In reply to your original question: You certainly can't add a constant number of vertices independent of the maximum degree -- consider the disjoint union of $K_k$ and a single vertex. This gives a linear lower bound in $\Delta(G)$. (Even if you require that the graph is connected, take a 2-connected regular graph, remove an edge, and add two new pendant vertices adjacent to the endpoints of that removed edge.)

ETA: I didn't notice, but the way you edited the question makes my original answer kind of confusing. Hopefully it reads better now.

ETA^2:

With constant maximum degree you can add a constant number of vertices, although I'm not going to do any close analysis on the exact number -- it should be polynomial, and probably if you're more careful you can even make it linear or at worst quadratic in the maximum degree. Set $\Delta(G) = k$, and note that we can add just edges to get at most $k$ vertices of degree less than $k$; otherwise there'd be two such non-adjacent vertices, and you could add in that edge.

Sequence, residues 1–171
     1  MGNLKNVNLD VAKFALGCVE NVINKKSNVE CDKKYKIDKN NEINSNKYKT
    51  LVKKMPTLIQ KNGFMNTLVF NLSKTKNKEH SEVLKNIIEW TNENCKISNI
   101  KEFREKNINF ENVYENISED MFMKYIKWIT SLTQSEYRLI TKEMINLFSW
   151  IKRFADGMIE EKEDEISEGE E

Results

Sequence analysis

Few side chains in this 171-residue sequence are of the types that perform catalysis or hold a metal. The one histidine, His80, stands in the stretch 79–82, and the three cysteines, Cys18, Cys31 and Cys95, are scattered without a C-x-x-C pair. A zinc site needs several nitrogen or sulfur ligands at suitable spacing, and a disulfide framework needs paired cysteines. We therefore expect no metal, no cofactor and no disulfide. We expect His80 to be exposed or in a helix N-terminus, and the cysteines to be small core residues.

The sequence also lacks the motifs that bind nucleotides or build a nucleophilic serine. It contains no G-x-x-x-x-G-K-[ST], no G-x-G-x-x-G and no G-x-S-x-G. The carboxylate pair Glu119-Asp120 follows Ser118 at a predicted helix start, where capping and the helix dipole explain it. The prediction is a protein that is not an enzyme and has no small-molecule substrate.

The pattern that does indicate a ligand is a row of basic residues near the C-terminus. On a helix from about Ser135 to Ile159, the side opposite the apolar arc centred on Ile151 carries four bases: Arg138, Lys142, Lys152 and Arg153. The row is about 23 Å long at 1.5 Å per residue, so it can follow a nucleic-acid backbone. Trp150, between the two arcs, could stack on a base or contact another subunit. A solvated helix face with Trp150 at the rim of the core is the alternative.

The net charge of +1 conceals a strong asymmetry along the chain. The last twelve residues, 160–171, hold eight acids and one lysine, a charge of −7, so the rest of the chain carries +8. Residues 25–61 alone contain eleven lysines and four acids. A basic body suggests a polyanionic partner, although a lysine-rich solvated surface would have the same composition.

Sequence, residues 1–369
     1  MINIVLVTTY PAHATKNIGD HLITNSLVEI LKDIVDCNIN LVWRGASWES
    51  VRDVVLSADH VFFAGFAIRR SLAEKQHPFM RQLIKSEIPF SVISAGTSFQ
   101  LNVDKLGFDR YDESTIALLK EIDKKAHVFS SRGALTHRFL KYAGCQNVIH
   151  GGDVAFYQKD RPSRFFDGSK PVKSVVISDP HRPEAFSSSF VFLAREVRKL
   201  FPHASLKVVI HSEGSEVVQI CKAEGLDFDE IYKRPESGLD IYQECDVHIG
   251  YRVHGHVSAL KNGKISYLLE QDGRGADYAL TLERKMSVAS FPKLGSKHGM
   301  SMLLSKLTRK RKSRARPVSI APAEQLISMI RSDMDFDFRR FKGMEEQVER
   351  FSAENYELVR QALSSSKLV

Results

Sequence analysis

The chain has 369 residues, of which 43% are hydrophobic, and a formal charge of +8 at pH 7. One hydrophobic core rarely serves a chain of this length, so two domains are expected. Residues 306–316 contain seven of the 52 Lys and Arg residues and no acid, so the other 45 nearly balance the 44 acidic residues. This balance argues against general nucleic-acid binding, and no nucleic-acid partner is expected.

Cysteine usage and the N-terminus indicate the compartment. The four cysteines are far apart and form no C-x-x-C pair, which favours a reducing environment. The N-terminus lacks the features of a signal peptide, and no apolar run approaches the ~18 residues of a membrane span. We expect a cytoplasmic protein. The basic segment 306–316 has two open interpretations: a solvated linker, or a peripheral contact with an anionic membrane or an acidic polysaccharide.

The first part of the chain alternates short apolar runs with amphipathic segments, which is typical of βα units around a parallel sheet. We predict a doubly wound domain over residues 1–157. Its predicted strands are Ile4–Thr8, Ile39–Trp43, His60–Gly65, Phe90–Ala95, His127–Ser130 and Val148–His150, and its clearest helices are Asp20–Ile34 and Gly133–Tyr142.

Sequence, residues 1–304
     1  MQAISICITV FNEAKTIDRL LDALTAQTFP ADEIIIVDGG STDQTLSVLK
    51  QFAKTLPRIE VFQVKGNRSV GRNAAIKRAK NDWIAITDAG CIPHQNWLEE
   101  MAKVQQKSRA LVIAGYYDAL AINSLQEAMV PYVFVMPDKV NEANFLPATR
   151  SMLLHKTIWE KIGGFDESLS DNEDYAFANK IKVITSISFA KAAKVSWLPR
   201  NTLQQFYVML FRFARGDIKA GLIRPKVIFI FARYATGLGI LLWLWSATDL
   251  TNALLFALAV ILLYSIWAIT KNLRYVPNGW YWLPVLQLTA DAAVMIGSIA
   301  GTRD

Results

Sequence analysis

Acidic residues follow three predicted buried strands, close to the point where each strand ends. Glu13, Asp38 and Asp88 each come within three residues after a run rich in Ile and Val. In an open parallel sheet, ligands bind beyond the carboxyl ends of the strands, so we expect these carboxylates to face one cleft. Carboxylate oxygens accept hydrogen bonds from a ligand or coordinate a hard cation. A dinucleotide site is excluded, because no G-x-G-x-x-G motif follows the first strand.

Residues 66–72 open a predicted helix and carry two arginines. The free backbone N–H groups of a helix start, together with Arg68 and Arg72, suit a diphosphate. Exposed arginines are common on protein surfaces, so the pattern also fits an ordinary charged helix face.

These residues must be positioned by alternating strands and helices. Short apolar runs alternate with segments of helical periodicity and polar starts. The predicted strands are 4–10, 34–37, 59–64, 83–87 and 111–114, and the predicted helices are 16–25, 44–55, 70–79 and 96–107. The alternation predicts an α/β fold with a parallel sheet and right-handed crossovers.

Now we can add $O(k^2)$ pendant edges to make all the original vertices have degree $k$; then we can put in copies of $K_{k+1}$ with an edge removed on pairs of these new vertices. (As long as $k * |V(G)|$ is even, you can check parity to see that this is possible; if it's not, this is remedied by adding a new vertex and connecting it to a vertex which has degree < k before we do anything else.)